Learn to Tango in Buenos Aires, Argentina

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Departure information

This trip can be tailor made throughout the year to suit your requirements
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Responsible tourism

Learn to Tango in Buenos Aires, Argentina

Carbon reduction

Your vacation will help support local people and conservation. We must also reduce CO2. Learn about the CO2 emissions of this vacation and how to reduce them.

Environment

Transport to and from the project is left up to you to choose (costs covered for public transport). Public transport is always recommended by and all nearby public transport routes are shown to all new arrivals. If taxis are required, you will be encouraged to share with other volunteers in order to lessen the impact of pollution wherever possible.

Having regard for the local community by being consciously aware of your impact is encouraged in all our documentation for all our projects in all our destination countries. This is because we feel very strongly that many countries are subject to, for example, water shortages, high cost of energy and high impact of energy usage, the negative impact of litter and general pollution. Thus we encourage our volunteers to be aware of these possible impacts so that they contribute positively and not negatively to the community in this respect

POSITIVE EFFECTS TRAVELLERS HAS ON THE LOCAL ENVIRONMENT:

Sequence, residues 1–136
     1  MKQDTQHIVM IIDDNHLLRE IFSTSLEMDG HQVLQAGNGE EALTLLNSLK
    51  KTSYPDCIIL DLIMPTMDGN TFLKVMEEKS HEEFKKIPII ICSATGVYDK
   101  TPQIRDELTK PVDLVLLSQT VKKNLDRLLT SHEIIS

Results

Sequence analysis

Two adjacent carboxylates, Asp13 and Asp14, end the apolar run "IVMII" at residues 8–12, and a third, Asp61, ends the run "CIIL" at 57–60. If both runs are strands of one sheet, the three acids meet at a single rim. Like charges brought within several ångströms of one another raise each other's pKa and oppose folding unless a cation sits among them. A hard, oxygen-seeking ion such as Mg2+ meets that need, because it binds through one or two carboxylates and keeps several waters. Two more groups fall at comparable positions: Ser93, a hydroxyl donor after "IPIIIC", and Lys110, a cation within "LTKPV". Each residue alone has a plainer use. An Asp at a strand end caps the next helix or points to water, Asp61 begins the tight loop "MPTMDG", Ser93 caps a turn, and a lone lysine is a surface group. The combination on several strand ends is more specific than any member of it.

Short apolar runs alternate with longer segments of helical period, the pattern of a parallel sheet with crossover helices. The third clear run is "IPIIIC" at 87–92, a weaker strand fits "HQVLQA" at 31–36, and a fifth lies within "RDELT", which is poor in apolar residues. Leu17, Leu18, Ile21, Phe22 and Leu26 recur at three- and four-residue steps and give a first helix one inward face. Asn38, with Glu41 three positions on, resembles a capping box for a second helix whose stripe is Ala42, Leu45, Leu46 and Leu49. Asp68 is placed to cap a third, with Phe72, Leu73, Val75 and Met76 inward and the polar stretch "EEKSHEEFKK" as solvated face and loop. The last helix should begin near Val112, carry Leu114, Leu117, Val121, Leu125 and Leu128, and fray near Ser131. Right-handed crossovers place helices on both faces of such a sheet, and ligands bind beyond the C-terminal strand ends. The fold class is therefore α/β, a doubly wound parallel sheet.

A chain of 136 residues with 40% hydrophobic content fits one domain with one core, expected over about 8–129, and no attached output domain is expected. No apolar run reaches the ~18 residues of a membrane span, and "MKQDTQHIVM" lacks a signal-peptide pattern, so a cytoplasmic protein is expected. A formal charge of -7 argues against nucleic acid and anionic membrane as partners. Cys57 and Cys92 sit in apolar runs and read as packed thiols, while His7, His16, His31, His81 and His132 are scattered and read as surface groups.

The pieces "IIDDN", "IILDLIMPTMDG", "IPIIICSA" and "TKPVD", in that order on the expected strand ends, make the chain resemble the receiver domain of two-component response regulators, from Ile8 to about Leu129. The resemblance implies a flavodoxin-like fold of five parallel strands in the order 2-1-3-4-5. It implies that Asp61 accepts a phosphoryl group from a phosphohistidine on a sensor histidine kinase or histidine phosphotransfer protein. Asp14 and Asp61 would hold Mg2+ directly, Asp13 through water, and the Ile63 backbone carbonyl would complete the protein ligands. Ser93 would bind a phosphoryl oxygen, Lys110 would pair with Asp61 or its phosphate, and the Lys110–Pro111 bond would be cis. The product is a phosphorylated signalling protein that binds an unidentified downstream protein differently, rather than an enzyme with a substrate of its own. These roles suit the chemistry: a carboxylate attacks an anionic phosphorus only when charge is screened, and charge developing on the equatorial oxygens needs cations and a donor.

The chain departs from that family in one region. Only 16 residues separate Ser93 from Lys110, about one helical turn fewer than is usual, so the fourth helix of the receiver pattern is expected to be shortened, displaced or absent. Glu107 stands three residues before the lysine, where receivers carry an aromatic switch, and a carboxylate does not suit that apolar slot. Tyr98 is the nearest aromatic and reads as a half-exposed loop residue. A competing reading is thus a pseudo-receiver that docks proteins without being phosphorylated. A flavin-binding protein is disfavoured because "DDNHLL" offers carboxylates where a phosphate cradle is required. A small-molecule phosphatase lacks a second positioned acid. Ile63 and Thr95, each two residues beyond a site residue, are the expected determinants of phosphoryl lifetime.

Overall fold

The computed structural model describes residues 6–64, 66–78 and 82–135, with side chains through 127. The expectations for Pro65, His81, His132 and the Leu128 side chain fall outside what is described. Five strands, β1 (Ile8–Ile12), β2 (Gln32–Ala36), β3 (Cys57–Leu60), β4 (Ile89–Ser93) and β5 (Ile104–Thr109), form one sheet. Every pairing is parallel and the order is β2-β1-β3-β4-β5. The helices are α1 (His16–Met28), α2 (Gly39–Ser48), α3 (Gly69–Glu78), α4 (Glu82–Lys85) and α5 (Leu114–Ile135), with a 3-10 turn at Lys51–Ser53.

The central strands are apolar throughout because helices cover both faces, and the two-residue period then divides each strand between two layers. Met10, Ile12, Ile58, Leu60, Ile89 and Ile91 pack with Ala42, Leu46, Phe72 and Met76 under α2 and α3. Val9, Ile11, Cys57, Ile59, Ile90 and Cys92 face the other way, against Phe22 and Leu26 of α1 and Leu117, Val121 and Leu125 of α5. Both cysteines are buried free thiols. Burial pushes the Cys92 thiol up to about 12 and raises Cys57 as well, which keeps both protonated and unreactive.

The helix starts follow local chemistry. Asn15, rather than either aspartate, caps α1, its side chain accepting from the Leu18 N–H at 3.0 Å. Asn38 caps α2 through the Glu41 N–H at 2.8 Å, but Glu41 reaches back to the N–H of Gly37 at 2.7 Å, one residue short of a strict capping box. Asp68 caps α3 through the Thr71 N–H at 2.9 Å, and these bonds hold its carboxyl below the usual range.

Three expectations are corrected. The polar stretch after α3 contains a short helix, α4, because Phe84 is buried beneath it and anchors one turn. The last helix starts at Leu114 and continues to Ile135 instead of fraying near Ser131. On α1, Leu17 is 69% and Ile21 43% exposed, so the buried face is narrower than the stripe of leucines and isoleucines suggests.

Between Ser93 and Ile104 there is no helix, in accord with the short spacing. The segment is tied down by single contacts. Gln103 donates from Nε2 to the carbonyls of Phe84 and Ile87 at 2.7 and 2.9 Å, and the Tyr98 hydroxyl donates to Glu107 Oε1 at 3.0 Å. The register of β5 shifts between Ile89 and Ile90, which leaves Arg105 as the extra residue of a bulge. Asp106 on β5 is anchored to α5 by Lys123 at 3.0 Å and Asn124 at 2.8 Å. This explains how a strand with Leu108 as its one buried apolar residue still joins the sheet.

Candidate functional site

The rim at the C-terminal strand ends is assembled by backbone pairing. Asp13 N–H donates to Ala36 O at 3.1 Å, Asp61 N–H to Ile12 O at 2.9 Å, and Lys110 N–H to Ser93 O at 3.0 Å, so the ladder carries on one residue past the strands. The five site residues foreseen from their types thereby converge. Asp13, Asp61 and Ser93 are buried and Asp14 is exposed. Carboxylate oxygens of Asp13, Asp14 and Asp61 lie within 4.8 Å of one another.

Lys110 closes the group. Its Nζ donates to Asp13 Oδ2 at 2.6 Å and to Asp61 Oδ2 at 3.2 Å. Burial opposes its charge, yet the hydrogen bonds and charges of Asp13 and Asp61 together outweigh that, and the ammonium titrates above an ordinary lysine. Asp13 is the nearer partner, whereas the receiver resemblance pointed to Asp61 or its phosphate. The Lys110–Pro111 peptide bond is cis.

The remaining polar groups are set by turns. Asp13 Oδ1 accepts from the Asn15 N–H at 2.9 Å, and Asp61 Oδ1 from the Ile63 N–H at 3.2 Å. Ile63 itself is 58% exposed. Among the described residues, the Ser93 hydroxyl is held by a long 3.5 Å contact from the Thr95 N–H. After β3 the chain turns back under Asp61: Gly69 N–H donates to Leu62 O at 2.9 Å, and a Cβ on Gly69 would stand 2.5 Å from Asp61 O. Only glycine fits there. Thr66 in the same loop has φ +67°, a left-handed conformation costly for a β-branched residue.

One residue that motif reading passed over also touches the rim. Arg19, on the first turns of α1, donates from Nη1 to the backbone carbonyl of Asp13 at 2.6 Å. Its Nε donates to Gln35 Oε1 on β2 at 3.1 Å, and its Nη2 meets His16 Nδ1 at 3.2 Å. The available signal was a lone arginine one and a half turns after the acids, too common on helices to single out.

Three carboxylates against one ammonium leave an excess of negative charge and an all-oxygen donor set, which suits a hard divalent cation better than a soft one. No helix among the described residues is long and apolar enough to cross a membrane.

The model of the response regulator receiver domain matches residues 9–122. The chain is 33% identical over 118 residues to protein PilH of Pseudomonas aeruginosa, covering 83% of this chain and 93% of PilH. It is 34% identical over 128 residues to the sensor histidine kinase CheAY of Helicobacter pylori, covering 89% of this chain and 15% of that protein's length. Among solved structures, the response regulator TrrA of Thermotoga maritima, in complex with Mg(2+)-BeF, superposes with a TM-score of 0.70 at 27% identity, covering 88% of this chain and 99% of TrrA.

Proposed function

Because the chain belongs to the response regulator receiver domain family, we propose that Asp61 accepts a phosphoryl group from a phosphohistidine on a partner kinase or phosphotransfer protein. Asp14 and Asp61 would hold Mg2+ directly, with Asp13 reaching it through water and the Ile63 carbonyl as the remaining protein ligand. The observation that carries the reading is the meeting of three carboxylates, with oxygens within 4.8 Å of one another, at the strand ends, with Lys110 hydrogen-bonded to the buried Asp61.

We provide our volunteers with many tips on how to be a responsible traveler regarding the environmental impact they have.

We want you to be immersed in the culture, by living and working with local people. We work with local communities, local charities, local government bodies and local schools. We also often partner with local organisations whom we have vetted to ensure that they are committed to the projects they run, that they have the same responsible attitude to the local community that we do, that they are eco-friendly and have ethical policies.

In our projects and in our headquarters offices, we take an environmentally responsible attitude towards recycling and reusing of waste products. Our volunteers are given pre-departure Information that encourages them to minimise waste and reduce their use of water and electricity, in other words, to live sensitively in the environment that they’re working in.

Travelers also give donations as and when required by projects. This is often done through our charitable arm, The Bridge The Gap Foundation.

Our projects enable vital conservation, research, care and education work to take place directly where it is most needed. For example, we kept a Species Survival Conservation project in South Africa afloat until completion after it was threatened by lack of funds. Our volunteers contribute, all over the world, to projects that would not exist without them.

Community

We employ local staff in each destination they operate and our Cultural Courses are no different. Local Tango instructors, both male and female, are employed to teach volunteers providing not only an authentic experience but often much needed work and opportunity to locals. Each week volunteers are taken to a Milonga club to dance with locals and just experience the Tango scene. Community spirit in these clubs is incredible and foreigners are welcomed.

Where possible and afforded, volunteers are encouraged to purchase Tango equipment, such as shoes and clothing, in one of the many local Tango shops. The best quality at a fraction of the price in Europe. N.B. Purchase of equipment is optional and not obligatory.